Clare Devaney is the Founder and Director of Citizen-i-Ltd - a platform for citizen-led innovation, impact and participatory research based in Manchester. Clare is also a Research Associate and Marie Curie H2020 PhD Scholar with MAPS-LED International Research Partnership, based at the University of Salford. The partnership brings together colleagues from the UK, US, Italy and Finland in a collaborative exploration of innovation ecosystems, with a focus on place-based innovation, sustainability, social impact and new methods of evaluation in these areas. Clare’s research explores the role of cultural heritage in catalysing and embedding civic innovation and recently completed a six-month secondment in the Boston, USA.
As a Research Fellow and Associate of the RSA, Clare is leading and contributing to its portfolio of research and strategic development projects in the North of England, with a particular focus on heritage, place and citizenship. She is also working with a team of co-founders in the development and delivery of an Impact Hub for Greater Manchester, and is driving the M4 movement as a platform for civic action and positive change. Clare is a Trustee of Manchester Histories and Chair of the Advisory Board for PLACED - a social enterprise that works with young people, schools, housing associations, developers and community groups across the North West to inspire inter-generational interest in architecture, urban design and the built environment.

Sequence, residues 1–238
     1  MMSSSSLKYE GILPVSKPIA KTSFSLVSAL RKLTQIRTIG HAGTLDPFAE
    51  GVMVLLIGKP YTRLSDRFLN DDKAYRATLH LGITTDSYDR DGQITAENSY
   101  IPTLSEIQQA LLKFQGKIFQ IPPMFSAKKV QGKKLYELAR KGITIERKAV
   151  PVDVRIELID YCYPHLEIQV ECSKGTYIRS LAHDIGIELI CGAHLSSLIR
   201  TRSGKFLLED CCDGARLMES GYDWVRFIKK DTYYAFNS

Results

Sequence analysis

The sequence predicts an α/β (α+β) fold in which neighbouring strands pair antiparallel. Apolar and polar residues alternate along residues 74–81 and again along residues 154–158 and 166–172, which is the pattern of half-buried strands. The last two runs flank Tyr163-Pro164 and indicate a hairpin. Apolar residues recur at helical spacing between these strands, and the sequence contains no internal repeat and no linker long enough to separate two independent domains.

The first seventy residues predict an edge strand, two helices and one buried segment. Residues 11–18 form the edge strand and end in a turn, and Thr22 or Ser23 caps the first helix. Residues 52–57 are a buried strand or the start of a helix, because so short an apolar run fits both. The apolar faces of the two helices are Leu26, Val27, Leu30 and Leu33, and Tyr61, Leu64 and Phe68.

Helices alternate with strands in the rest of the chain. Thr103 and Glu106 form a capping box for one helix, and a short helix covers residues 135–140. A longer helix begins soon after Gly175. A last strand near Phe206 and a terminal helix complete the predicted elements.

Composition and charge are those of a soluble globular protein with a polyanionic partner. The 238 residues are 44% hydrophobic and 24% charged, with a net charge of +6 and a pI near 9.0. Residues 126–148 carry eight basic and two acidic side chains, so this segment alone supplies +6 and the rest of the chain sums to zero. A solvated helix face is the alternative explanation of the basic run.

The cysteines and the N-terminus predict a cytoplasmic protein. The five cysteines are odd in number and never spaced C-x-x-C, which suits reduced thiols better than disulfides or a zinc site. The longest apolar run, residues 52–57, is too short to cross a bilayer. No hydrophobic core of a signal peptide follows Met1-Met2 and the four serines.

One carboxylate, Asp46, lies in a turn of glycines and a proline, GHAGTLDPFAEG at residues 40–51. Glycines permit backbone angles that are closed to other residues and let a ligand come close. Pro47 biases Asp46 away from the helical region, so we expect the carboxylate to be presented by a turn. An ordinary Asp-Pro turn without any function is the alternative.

"For me, it is not the physical distance that makes the difference. Good and bad decisions can be made at any proximity. It is the quality of democracy that counts. And there’s the rub. Devolution simply cannot work without democracy. Employing an exclusively top-down approach, devolution can only possibly transfer power to a different seat or seats of power. There appears to be a working assumption that that top-level transfer is enough – that devolved power to city hubs would mean fair distribution across the regions – because of course in the sharing, caring golden-glow of provincial Manchester, we’re still popping over the cobbles to borrow sugar from Ena Sharples. Liverpool had a wonderful community spirit, of which I am very proud, but Little House on the Prairie it is not. In practice, even the northern cities have at best established and at worst engrained power structures, cliques and networks at play. There are some big fish in small ponds. And devolution, as it stands, offers a swim without the hook of scrutiny. Even if it is Eric Pickles holding the rod"